The draft Order, FDA 483, and supporting documentation are uploaded into MARCS-CMS for OCC review. If OCC concurs with the issuance of the Order, BTCB/DCM prepares the Order for signature by the CBER Center Director and delivers it to the Office of the Center Director for signature.

On the date that the Order is signed, the Director, OCBQ attempts to contact the HCT/P establishment by phone to notify the establishment that the Order is in effect. A copy of the Order will be sent to the establishment by fax if possible, as soon as possible, after this call has taken place.

Also on the date the Order is signed, BTCB/DCM forwards the Order via overnight delivery to the district office for delivery to the HCT/P establishment. It is preferable to have the original, signed Order hand-delivered to the HCT/P establishment by an FDA investigator. If this is not practicable, the original signed order can be sent to the HCT/P establishment via overnight delivery.

If CBER does not concur with the Order recommendation, BTCB/DCM will notify the district regarding this decision by telephone or electronic mail, and forward a memorandum to the responsible district official explaining the reasons for non-concurrence and describing other potential regulatory actions, if appropriate.

If OCC does not concur with the Order recommendation, OCC will provide a written statement of its rationale to CBER, with a copy to the district office.

5-7-7 - Follow Up to Orders of Cessation of Manufacturing

When FDA determines there are reasonable grounds to believe there is a danger to health, an Order of Cessation of Manufacturing is effective immediately. In other situations, the Order of Cessation of Manufacturing is effective after one of the following events, whichever is later: 1) passage of five working days from the establishment’s receipt of the Order; or, 2) if the establishment requests a Part 16 hearing, a decision in the proceedings. The Order will specify the regulations with which the HCT/P establishment must achieve compliance and will ordinarily specify the particular operations covered by the Order. The establishment is permitted to implement corrective actions in order to resume operations. However, the firm may not resume any operations subject to the Order without written authorization from FDA.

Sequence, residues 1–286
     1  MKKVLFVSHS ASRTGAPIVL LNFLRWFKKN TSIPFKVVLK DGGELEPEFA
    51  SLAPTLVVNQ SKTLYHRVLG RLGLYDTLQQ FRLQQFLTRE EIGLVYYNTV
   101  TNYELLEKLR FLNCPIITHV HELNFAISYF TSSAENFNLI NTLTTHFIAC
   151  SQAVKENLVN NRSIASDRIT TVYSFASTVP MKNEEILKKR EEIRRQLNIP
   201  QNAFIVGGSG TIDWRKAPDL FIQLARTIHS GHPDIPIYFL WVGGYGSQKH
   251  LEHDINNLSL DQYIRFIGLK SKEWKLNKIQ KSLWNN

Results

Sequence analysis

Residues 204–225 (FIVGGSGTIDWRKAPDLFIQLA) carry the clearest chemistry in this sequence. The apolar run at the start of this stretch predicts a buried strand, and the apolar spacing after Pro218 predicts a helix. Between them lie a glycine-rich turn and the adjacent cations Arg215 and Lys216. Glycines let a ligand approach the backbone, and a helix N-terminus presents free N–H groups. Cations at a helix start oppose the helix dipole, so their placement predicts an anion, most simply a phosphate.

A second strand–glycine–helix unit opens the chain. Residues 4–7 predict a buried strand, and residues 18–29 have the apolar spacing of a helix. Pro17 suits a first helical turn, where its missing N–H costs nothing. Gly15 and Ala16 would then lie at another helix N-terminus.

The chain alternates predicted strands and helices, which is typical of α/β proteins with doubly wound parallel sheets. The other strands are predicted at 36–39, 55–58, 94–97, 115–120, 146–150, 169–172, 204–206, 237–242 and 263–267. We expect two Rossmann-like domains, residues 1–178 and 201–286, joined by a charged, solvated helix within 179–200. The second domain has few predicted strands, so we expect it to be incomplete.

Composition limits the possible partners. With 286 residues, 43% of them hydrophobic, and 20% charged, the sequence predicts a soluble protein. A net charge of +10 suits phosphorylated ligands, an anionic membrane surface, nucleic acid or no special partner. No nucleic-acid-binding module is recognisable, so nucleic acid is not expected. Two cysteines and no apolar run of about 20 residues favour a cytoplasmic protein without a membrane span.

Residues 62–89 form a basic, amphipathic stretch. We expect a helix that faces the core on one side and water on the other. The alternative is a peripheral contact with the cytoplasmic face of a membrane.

The district and CBER should concurrently review all correspondence received subsequent to issuance of an Order of Cessation concurrently. All meetings between the FDA and the Order recipient should include the appropriate district and CBER personnel.

5-7-8 - Part 16 Hearing

The recipient of an Order may request a hearing by submitting a written request in accordance with 21 CFR Part 16 as described in the Order and in 21 CFR 1271.440(e). The recipient must make the request within five working days of receipt of a written Order of Retention, Recall, Destruction, and/or Cessation of Manufacturing, or within five working days of the agency’s possession of an HCT/P. The HCT/P establishment may request additional time (beyond five working days) to consider whether to request a hearing. Reasonable requests for additional time will usually be granted. OCC, the FDA Office of the Ombudsman, and the district office should be notified promptly upon receipt of a Part 16 hearing request, and for a request for additional time to request a hearing.

For an Order requiring destruction of HCT/Ps, a request for a Part 16 hearing places the portion of the Order requiring destruction of the violative tissue in abeyance, pending the outcome of the hearing. The portion of the Order requiring recall and retention of violative HCT/Ps, however, is not placed in abeyance or affected by the hearing request.

As described above, if an Order of Cessation of Manufacturing is not immediately in effect, it is effective after one of the following events, whichever is later: 1) passage of five working days from the establishment’s receipt of the Order; or, 2) if the establishment requests a Part 16 hearing, a decision in the proceeding. If a Part 16 hearing is requested but denied, or if the Presiding Officer concludes after a Part 16 hearing that the Order was properly issued, the procedures in section 5-7-6 will be followed to notify the HCT/P establishment of the requirement to cease manufacturing.